Wang’s views were echoed by Declan Kelleher, chairman of the governing board of the European Policy Centre, a Brussels think tank, and former Irish ambassador to China and the EU.

“2024 is a year of changes and a year of crossroads [para a UE em meio a] turbulent geopolitical waters,” Kelleher said, referring to the war in Ukraine and the US presidential election in November, which could have serious implications for the bloc.

Former US President Donald Trump’s administration “seriously obstructed” the World Trade Organization “from fulfilling its role”, he said.

“I think this is something that should be analyzed, we really need to strengthen the WTO. The WTO has many defects, but it is still the basis of international trade law.”

Regarding the war in Ukraine, there is discomfort in Europe about China’s position, particularly in not publicly condemning Russia’s invasion of the former Soviet republic, despite pressure from the West and the United Nations.

Europe has also long been criticized by Beijing for following the US in its strategy to contain China. Speaking about strategic autonomy, which the EU has emphasized in its actions to “reduce risks” in relations with China, Kelleher clarified that this does not mean opposing or supporting the autonomy of any particular country. “This simply means that EU decisions must be taken by the EU, not automatically following any other country.”

Ferdinando Nelli Feroci, Italy’s former permanent representative to the EU, said the bloc faces many challenges in maintaining globalization, including the war in Ukraine and its impact on international relations.

“We were also forced to adopt a series of measures that went exactly in the opposite direction to globalization,” he said.

“We were forced to impose sanctions on Russia, we were forced to drastically reduce the purchase of fossil fuels from Russia, we were forced to diversify our sources of fossil energy supply, and we would have expected better solidarity from the rest of the world in dealing with this conflict.”

Nelli Feroci also emphasized the need for a more credible and effective system of international relations to address challenges including war, climate change, and global health and food security.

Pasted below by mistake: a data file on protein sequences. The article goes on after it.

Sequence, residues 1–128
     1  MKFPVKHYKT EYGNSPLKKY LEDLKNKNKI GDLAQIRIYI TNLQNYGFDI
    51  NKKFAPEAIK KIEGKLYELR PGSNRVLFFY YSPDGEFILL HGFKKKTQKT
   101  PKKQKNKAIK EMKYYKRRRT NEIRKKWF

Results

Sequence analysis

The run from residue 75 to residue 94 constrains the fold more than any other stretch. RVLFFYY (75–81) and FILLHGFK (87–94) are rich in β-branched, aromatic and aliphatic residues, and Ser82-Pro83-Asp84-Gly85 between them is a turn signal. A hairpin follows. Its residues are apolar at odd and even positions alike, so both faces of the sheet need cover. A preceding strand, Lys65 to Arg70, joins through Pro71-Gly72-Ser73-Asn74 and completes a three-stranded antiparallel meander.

David Blair, former chairman of the economics department at the Eisenhower School of the National Defense University in Washington, said the world is at an inflection point, where a new type of relationship between great powers is being established and the old system, characterized by US-led globalization is no longer viable.

Blair, who is vice-president and senior economist at the CCG, also emphasized the importance of people-to-people relationships.

“The best way I see moving forward is for us to have as much contact between people as possible. So at least there will be that level of understanding. And maybe we can build on that to try to create a more peaceful, sustainable and globalized world,” he said.

Danny Quah, dean of the Lee Kuan Yew School of Public Policy at the National University of Singapore, suggested that “third nations” — or the Global South — could play a crucial role in facilitating cooperation between great powers, avoiding orientalist approaches that reinforce imbalances. of power.

He argued that nations must cooperate multilaterally to resolve these issues, avoiding zero-sum confrontations, because “the world, as a consequence of these dynamics, has moved away from productive globalization to a world where there is securitization and militarization of the economy.”

Por South China Morning Post.